How do you eat an elephant? One bite at a time, right? Well that’s what I’m going to do. I’m going to nibble away at the edges of this big awfulness and hope that one day I look up to find it’s gotten smaller.
I started with the toe nails. Now for another periphery: the hair.
I have quite long, limp hair, simultaneously prone to both greasiness and frizz. It spends most of its time scraped back into a ponytail – a style that does nothing for me (and even less for my increasingly gaunt and care-worn horse-face).
It can look okay if I spend considerable time straightening it or curling it, but THIS LITERALLY NEVER HAPPENS.
I think I like to think of my daily style as a messy ‘mum-bun’, but the truth of the matter is that my hair simply doesn’t have enough volume to achieve the look – it’s more like a disembodied rat’s tail left to curl up and dry.
And it finally occurred to me this week that the reason I have this hair is that Dadoffthenetheredge likes women with long hair.
And now I don’t have to please or appease anyone.
So in the manner of all divorcees I’m going to do something DRASTIC with it – or at least as drastic as one can possibly get with what will essentially be a bob – arguably the world’s most classic/conservative hairstyle.
The trouble is, I do not like going to the hairdresser.
It sets off my social anxiety in several key ways:
1. I’m not trendy enough. I feel the need to apply make-up and put on nice clothes just to enter most establishments – and then I just feel weird about having done so.
2. I do not like having to look at myself in the mirror for extended periods.
3. I don’t like to be touched. On the head. By strange teenagers. And having to make light conversation with them while doing so. WHY IS THIS A THING????
4. I don’t like bending over backwards to get my hair washed, which is either a showing my jugular thing, or the fact I once read an article in Closer (I was at the dentist, honest) about a woman who put her neck out in this position and essentially ended up paralysed 3 days after getting her hair done. This is exactly the kind of shit that would happen to me.
5. Should I accept the coffee? When I know I’m not going to be able to lean forward and drink it whilst my hair is cut? Will it look ruder if I refuse it or if I just don’t drink it? How are other people imbibing this stuff while sitting still underneath someone with scissors??? Why do I care about this??????? And should I care that I care about it?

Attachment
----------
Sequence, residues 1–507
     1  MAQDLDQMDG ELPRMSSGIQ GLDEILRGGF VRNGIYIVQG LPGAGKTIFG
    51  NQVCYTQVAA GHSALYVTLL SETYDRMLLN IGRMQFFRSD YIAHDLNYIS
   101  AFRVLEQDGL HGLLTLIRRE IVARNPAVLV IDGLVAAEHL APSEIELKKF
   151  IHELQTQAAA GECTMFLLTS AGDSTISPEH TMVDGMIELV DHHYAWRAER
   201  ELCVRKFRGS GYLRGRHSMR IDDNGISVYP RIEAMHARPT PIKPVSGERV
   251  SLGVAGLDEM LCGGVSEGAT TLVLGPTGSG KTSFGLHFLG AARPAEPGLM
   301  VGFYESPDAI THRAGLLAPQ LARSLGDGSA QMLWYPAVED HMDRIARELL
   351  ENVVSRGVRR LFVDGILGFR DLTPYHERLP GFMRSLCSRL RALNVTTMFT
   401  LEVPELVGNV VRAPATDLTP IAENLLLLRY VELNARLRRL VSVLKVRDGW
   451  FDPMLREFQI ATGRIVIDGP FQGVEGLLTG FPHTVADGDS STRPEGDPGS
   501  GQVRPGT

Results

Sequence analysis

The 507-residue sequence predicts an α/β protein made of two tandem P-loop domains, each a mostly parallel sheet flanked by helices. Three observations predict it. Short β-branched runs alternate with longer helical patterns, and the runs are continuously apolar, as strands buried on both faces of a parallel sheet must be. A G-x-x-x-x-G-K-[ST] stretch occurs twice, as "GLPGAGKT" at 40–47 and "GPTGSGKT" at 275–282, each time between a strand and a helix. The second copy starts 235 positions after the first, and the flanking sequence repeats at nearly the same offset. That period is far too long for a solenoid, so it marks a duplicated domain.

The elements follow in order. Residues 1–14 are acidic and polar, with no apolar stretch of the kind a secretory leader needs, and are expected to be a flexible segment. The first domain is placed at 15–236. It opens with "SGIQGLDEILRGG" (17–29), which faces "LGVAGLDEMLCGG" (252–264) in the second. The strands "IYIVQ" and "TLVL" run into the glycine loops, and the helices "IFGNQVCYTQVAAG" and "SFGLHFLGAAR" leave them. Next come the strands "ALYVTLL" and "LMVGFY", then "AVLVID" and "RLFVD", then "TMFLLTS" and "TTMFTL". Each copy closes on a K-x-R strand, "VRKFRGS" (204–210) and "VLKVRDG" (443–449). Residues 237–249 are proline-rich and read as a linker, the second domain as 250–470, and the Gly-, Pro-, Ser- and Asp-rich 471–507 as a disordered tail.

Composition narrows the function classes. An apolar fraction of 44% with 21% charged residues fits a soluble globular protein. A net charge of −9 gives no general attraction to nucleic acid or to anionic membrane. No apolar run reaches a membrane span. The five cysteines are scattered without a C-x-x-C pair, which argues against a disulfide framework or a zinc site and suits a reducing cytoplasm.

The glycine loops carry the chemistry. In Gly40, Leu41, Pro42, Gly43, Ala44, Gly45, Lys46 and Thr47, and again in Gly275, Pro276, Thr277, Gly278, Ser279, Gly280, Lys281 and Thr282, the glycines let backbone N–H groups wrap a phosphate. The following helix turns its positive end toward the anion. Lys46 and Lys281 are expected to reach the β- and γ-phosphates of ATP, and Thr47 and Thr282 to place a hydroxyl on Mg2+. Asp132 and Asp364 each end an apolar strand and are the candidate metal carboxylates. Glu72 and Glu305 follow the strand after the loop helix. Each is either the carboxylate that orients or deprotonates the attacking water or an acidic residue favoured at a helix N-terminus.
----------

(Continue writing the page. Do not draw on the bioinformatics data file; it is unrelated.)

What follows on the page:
6. The small talk. Look, my life is really, really, REALLY dull. I literally don’t have anything to say to people that isn’t boring rubbish about children and work. No, I’m not going out this weekend. No, I’m not going on holiday. No, I didn’t watch Eastenders.
To save my own chagrin and the poor hairdresser’s inevitable disappointment, I have in the past taken to just making shit up to try and make everything less awkward for everyone. (I’ve always been prone to a bit of social hyperbole, and I can spin a good yarn, if I say so myself). Trouble is I forget what I’ve said to whom, rendering it impossible to go back to any one hairdresser – who probably wouldn’t remember me anyway because I’m deeply forgettable, AND CLEARLY NOBODY ELSE IS THINKING ABOUT THIS AS MUCH AS I AM.
7. I can’t hear without my glasses. Yes really. I’m as blind as a bat, and while it is always something of a relief to remove them (see no 2), no 6 becomes even more fraught with danger because I have no conversational clues – like what the other person is ACTUALLY saying.
Honestly – with all the hairdryers and background noise you’d be surprised how much you pick up from lip reading your hairdresser in the mirror. Take that away and you’re screwed. (Or at least I am).
It’s that kind of thing where you answer the wrong question, and then your brain catches up, so you realise what they said, and that what you’ve said is therefore stupid, and in my experience there’s no way to recover from that kind of awkwardness besides DEATH.
8. I cannot do confrontation of any sort, ever. They could dye my hair green, shave it off in random patches and set fire to the rest, and I’d still say “Oh lovely!” when they showed me the back in a hand mirror. (I once asked for a hairdresser to take a little more off my fringe. It took me a week to recover).
9. I do not understand the tipping system. I get tipping in restaurants – I know what I’m doing. I don’t get it in hairdressers. Do you add it to the card in the machine? Do you put a couple of quid in the jar? What if there is no jar? What if you don’t have any change? Can you ask for change? How much is the going rate? Do you look like a wanker if you do or if you don’t? Does it go to the stylist or is it shared? WHY ARE THERE NO RULES WRITTEN DOWN FOR THIS STUFF?
10. I already know I will never be able to replicate whatever the hairdresser does, even if I actually like it. So basically the knowledge of my impending failure walks in with me through the door. It is under impending failure conditions that I perform at my very, very worst.
SO ANYWAY –
What I need are your recommendations, Sheffielders!
Given all of the above, where can I go for a hair intervention that is going to cause me the least amount of anxiety – and give me that ‘just stepped out of a salon’ 80s-vidal-sassoon-advert feeling?
I’m going to need someone who can give me some guidance on what will suit me and what my hair will actually DO, and of course what I can actually maintain at home with no hairstyling skills, time, thought or care.
Money is no object (actually it’s a very serious object, but this one is on my lovely Mum).